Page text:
by Samuel Gabbara-Venegas

Compact Scholars and program leaders at the south slopes of the Acropolis, with the Parthenon in the background (prior to the steep hike to the top).

We spent our first full day of the trip in Athens — and what an adventurous first day it was. We visited the iconic Acropolis, which is the home of the Parthenon and other classical Greek archaeological ruins, as well as the nearby Acropolis Museum. The ancient Acropolis was truly a sight to admire, as the ruins somehow all still retained that grandness that they so bolstered in their times of prosperity and richness.

View from the top of the Acropolis, looking out toward Mount Lycabettus.

As we trekked up the steep hill upon which the Parthenon sits, the view increasingly — without a doubt — got better and better; the greenery and bright green trees that surrounded Acropolis were plentiful and surprising — I’m a sucker for any sort of environmental loveliness (public service announcement: help save the planet while we still can!).

Stadium at the Acropolis site.
The Acropolis Museum entryway, built above the archaeological dig sites, with viewing points open to the patrons entering and leaving the museum via these walkways.

After the awe of laying eyes upon the still intact ruins first-hand, and enjoying the panoramic views of Athens from the hilltop. we visited the nearby Acropolis Museum, which was intriguing on a different, more artistic level. We were able to view actual dig sites and artifacts up close, see ancient Greek pottery and sculpture on display in an iron and glass modern-styled museum, as well as visit the museum’s bookstore, cafe and rooftop terrace with views of the Acropolis and Parthenon.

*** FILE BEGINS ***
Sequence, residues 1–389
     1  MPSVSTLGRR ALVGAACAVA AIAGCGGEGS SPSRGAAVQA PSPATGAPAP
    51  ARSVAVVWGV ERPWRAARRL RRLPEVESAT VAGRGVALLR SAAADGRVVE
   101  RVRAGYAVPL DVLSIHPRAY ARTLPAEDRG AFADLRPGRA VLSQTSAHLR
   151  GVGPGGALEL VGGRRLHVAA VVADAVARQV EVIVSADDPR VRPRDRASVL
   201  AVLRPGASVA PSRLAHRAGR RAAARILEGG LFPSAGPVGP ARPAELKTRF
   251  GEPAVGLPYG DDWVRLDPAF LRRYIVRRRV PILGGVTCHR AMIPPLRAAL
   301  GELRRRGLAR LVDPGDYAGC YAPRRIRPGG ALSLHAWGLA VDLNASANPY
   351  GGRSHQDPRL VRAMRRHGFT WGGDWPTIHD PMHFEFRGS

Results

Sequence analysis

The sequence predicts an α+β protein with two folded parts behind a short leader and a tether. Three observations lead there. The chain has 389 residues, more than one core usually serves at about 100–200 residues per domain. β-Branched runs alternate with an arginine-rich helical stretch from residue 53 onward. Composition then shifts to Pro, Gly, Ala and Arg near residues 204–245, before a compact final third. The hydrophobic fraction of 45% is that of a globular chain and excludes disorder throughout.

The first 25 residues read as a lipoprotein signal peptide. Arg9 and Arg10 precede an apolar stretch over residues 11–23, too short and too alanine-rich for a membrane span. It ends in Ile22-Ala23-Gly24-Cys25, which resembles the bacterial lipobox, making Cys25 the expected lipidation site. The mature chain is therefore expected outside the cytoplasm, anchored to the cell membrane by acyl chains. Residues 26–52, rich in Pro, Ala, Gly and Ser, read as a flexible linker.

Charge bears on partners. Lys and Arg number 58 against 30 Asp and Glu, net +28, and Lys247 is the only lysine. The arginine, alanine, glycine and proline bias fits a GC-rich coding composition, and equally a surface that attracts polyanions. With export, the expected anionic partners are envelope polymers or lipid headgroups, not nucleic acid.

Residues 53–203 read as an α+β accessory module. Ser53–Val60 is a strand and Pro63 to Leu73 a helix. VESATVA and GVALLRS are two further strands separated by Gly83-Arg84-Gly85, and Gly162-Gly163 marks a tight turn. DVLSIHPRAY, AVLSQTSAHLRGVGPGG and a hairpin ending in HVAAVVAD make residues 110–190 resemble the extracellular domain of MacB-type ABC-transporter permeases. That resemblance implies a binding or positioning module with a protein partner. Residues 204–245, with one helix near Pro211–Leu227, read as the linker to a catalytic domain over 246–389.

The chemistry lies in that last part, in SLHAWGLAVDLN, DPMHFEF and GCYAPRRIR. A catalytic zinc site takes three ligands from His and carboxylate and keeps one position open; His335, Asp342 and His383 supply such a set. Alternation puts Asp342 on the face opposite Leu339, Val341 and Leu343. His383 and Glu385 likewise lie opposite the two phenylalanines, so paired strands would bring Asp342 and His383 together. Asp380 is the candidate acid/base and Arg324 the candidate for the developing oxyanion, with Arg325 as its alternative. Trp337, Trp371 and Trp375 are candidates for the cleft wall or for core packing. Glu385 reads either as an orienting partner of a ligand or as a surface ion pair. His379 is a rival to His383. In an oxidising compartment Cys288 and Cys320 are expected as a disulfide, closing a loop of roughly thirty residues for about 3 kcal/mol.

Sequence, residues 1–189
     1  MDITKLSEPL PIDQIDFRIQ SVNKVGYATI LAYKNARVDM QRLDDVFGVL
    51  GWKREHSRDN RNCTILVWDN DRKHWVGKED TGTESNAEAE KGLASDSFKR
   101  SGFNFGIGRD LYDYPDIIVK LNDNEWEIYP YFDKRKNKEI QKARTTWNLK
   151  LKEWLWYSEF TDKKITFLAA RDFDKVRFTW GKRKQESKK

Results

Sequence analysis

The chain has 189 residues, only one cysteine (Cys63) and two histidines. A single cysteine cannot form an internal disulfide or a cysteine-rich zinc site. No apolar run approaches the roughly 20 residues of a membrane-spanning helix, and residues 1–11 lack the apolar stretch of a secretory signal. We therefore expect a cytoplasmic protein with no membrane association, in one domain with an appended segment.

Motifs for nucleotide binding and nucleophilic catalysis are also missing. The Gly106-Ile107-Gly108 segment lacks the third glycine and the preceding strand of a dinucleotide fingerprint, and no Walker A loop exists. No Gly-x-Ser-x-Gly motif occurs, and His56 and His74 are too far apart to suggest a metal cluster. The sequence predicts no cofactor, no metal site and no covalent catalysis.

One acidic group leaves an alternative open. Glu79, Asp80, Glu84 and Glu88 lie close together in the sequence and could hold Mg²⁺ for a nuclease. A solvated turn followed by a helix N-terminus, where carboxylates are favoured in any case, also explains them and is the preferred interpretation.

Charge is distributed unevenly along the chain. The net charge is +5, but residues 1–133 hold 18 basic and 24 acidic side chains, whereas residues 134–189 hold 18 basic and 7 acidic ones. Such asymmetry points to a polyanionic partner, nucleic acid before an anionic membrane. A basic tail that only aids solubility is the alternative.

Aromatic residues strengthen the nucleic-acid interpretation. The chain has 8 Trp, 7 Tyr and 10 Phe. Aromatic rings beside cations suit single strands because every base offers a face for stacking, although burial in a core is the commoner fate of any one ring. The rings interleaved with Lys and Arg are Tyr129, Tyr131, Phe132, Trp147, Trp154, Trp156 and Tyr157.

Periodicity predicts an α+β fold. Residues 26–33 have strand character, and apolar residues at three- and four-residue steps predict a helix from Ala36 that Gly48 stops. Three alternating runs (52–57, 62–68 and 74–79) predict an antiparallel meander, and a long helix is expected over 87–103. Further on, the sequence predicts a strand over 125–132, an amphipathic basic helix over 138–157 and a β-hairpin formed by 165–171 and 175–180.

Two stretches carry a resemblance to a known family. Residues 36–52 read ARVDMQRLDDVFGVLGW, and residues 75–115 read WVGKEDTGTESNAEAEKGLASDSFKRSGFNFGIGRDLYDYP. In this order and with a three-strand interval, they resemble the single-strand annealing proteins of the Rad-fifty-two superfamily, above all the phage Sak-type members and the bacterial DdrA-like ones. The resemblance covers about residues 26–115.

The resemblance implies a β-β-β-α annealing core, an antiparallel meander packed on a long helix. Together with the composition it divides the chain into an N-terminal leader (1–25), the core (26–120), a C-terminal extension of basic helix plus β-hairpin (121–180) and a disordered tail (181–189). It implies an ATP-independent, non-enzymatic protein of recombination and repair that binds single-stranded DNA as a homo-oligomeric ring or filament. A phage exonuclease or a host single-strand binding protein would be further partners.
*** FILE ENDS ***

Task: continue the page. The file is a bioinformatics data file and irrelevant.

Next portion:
Ancient Greek sculpture of an owl, the symbol of the Goddess Athena, inspiration of Athens, at the Acropolis Museum..
Menu at Ermina’s restaurant.

Afterwards, two buddies of mine — Valerie and Marc — decided that we should remain in Syntagma Square which is a local favorite gathering space where we would have transferred trains to return to the hotel. We walked through the Plaka neighborhood to the flea market area of Monastiraki to further explore the nearby areas and to eat. As we strolled through the local flea market, there were various shops and a multitude of restaurants from which to choose from for a quick bite; while looking, we were approached multiple times by hosts of different restaurants to eat at their place, as they claimed they each had the “best, cheapest and LARGEST” foods from which to eat. This crazed enthusiasm, I thought, was a red flag, and we thus decided that it’d be better to find a street food/more local/less touristy place instead.

Thankfully, after continuously making random turns and asking a kind gentlemen for a recommendation, we stumbled upon Ermina’s cafe, which had delicious and cheap quick food — I got myself a nice medium-sized gyro for only €2,20, which is about $2.50 in U.S. currency. Nóstimo! (That means delicious in Greek.)

Afterwards, finding a metro station was in itself quite literally an adventure, one with minor thrills and major where are we???’s. I guess that’s part of learning how to travel and navigate, but in reality, it all seemed less overwhelming because we stayed together as a small group and worked together. With Marc’s good sense of direction — which he is proud of —and Valerie’s decision to ask two different hotels for directions, we were able to safely and somewhat swiftly (not really) make a return to our metro stop Megaro Moussikis, and then walked the short two blocks up Vassilissis Sofias Ave. to our hotel. Success!